In today’s legal landscape, many firms are asking a perplexing question: Should an attorney’s value be limited to the number of hours spent on a case? It’s a question that has led many to rethink billing.
Interestingly, the billable hour is a fairly recent development — one that firmly took root following a 1975 U.S. Supreme Court ruling. This ruling held that the minimum mandatory fixed fee schedule violated the Sherman Antitrust Act. It confirmed a general consensus at the time that billable hours provided an “objective” measure that could be observed and audited.
Through the billable hour method, clients — like regular customers — could now opt to pay attorneys a higher rate for purportedly better legal advice. No matter the rate, attorneys agreed to charge only the optimal amount of time needed, which is the attorney’s ethical obligation.
At some point, however, “number of hours worked” became too influential, eventually giving birth to the unfortunate phrase, “It’s not whether you win or lose, it’s how long you take to do it.”
A review of billable-hour studies dating to the 1960s proved this point, showing that the average number of billable hours jumped from about 1,200 in 1960 to nearly 1,800 in 2010. One study reported that many firms had an average billable-hour requirement of 1,880 hours in 2010. Another study indicated an average billable hour “expectation” of 2,400 for 2006.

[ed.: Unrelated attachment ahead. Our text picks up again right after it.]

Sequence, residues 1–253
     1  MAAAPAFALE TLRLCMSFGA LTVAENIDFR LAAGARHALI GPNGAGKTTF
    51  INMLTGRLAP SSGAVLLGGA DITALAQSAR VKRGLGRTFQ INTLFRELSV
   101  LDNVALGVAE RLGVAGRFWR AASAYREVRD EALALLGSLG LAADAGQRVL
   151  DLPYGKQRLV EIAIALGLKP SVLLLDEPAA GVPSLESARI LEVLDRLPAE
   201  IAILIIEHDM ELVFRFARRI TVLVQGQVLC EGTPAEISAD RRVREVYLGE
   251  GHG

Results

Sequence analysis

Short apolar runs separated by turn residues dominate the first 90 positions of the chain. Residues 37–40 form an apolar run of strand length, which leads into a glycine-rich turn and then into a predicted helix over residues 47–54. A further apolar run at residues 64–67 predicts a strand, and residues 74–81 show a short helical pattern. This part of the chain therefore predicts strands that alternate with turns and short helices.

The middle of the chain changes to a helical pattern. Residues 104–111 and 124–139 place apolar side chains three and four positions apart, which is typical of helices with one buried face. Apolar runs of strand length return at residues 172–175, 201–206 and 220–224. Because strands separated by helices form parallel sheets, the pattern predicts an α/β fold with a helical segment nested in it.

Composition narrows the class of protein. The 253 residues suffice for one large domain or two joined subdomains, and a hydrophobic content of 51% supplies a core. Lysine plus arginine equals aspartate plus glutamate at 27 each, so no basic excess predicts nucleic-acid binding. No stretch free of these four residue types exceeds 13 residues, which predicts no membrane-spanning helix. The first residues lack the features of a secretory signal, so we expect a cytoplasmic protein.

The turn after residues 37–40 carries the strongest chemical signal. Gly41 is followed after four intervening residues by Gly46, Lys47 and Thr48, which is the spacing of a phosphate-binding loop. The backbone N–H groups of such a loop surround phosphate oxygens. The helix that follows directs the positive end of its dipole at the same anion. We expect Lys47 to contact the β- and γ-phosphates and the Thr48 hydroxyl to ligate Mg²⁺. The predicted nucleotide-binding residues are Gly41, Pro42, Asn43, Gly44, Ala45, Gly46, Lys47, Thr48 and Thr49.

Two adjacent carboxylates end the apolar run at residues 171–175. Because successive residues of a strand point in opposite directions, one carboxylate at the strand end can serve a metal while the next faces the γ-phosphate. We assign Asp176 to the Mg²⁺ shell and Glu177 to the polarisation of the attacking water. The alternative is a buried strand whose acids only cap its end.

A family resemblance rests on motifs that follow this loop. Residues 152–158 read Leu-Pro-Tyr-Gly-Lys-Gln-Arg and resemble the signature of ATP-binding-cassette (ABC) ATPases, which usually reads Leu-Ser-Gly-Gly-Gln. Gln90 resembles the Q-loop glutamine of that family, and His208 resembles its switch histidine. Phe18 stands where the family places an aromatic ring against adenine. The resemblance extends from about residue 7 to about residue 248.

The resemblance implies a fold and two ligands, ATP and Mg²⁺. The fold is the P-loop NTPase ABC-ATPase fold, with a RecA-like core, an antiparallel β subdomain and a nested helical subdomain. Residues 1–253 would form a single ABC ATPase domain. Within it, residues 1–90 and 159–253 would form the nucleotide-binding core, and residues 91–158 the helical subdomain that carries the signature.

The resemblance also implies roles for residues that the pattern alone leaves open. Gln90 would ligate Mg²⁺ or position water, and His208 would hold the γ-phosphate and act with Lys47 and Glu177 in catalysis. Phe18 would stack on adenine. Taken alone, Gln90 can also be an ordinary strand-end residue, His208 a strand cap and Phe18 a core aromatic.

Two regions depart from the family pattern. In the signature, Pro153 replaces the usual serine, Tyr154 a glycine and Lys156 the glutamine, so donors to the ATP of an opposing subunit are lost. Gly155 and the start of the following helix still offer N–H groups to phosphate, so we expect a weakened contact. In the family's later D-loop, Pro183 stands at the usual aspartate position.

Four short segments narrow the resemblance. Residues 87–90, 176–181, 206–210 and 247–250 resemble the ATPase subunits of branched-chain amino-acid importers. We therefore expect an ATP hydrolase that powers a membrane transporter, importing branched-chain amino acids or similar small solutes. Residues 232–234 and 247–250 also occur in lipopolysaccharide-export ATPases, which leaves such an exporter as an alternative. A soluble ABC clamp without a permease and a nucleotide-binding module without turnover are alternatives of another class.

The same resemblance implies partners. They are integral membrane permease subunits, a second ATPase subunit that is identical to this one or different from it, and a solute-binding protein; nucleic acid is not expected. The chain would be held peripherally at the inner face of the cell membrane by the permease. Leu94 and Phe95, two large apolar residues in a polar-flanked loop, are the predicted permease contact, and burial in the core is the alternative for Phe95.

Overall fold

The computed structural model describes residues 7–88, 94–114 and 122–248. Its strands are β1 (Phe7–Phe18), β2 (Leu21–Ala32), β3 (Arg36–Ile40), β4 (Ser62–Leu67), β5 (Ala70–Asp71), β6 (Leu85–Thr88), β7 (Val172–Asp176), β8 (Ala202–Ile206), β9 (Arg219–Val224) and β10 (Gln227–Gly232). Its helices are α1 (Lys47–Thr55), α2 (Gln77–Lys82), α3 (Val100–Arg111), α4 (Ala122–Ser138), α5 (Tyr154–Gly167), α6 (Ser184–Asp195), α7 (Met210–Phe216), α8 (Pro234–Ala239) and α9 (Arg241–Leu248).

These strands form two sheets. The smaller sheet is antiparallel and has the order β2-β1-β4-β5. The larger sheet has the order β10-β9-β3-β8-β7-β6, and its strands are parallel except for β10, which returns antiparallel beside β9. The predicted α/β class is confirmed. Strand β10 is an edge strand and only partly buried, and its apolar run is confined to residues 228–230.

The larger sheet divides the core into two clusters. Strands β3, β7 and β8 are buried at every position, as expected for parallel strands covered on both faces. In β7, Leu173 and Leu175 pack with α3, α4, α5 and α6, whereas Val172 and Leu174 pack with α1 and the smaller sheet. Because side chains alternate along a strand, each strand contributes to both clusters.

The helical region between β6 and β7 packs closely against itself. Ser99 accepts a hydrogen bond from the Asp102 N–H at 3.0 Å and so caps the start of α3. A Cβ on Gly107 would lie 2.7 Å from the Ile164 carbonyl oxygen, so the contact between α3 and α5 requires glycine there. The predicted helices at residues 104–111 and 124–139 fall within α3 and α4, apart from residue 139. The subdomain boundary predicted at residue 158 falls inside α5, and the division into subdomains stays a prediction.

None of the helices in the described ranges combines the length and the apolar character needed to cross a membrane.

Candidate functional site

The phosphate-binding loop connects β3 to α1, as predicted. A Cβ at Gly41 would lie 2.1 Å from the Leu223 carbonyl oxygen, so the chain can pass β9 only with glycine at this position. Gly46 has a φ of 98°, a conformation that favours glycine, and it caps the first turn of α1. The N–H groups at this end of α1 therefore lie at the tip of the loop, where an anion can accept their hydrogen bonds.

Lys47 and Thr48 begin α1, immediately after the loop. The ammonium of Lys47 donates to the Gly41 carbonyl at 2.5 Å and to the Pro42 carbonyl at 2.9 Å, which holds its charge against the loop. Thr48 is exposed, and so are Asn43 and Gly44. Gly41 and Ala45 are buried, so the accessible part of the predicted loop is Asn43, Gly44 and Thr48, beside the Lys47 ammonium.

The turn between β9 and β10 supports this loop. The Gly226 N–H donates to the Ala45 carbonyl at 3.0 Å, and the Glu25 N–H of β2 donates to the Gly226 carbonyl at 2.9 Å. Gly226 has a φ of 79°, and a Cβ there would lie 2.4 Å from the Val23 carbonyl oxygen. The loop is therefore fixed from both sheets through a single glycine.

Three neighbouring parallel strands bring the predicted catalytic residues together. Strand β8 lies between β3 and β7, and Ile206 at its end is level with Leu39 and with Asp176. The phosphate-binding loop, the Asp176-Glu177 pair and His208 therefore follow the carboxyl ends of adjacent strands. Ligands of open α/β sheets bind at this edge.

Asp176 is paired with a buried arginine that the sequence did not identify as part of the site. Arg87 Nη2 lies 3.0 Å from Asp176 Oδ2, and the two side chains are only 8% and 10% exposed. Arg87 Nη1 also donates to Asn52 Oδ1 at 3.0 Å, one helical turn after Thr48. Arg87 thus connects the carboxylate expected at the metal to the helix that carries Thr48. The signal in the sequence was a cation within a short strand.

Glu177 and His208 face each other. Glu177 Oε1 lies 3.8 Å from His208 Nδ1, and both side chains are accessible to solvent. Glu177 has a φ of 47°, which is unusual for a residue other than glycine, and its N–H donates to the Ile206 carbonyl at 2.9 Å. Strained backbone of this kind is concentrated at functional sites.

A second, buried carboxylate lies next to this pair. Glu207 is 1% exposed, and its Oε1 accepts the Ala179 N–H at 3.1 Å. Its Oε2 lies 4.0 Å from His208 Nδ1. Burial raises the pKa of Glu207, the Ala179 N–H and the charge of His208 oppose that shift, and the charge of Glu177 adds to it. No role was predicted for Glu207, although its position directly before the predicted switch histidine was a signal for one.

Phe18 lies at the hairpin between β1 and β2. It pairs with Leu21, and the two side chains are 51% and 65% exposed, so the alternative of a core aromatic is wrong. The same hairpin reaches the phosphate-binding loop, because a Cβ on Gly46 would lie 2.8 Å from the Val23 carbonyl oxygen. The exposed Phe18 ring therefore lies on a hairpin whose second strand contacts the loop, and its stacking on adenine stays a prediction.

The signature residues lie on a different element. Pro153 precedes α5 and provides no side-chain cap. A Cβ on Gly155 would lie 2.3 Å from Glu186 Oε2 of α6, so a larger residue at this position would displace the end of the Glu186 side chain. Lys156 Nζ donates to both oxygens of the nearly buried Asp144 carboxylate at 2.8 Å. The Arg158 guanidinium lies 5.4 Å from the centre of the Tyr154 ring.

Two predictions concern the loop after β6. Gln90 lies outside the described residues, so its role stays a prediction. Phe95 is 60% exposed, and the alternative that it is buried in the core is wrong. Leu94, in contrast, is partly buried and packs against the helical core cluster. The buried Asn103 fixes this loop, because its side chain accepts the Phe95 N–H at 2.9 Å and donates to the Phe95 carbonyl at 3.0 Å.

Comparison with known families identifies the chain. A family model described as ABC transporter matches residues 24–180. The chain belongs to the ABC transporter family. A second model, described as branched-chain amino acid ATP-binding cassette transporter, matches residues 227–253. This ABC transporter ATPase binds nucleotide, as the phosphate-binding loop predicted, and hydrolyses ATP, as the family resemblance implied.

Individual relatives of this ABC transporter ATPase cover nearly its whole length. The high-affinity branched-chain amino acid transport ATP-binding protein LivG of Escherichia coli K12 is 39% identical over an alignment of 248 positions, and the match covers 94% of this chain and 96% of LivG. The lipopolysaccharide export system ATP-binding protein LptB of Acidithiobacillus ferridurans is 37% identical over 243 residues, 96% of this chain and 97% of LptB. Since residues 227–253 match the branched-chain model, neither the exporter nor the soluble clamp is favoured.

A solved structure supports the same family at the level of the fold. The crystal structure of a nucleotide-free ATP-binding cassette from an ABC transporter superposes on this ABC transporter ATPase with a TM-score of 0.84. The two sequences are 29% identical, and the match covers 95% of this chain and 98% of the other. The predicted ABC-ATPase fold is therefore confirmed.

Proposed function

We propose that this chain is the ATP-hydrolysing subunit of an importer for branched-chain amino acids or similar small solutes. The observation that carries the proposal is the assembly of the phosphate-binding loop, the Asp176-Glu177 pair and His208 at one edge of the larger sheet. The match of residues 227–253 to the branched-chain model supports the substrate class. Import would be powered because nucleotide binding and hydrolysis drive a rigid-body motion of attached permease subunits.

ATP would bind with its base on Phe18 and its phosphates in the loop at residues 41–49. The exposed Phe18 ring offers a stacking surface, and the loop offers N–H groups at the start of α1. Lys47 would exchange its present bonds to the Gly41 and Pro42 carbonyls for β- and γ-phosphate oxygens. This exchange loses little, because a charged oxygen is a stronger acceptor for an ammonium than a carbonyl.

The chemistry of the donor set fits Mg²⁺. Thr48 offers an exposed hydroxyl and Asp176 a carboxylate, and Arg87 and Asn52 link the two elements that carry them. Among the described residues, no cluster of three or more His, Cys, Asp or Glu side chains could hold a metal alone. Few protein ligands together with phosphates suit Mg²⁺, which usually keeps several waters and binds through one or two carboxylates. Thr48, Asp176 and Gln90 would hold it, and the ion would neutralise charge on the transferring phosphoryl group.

Do increased billing standards penalize attorneys who are efficient and innovative? If the exclusive measure of success is the number of hours billed, absolutely. In any legal case that requires days or weeks of careful review and analysis, the value of an attorney’s advice does not come from the number of hours worked, but rather how well that advice achieved the client’s interests.
Today many firms have begun offering a variety of billing methods to determine the actual value of legal services provided. For litigation, some firms are now offering contingent-fee arrangements (based upon the success of the representation) in both personal-injury matters and certain business disputes. They’re also using mixed-fee arrangements with lower hourly rates.
Many attorneys — including me — find that this flexibility and close collaboration promote attorney-client relationships that are built on a firm’s innovation and efficiency, not its ability to rack up hours. It also means that if the client does not benefit, the attorney doesn’t benefit. What client would argue with that?
Jennifer Schrack Dempsey is a partner at Andersen Banducci. firstname.lastname@example.org; 342-4411. This column appears in the Nov.18-Dec. 15, 2015, edition of the Statesman’s Business Insider magazine.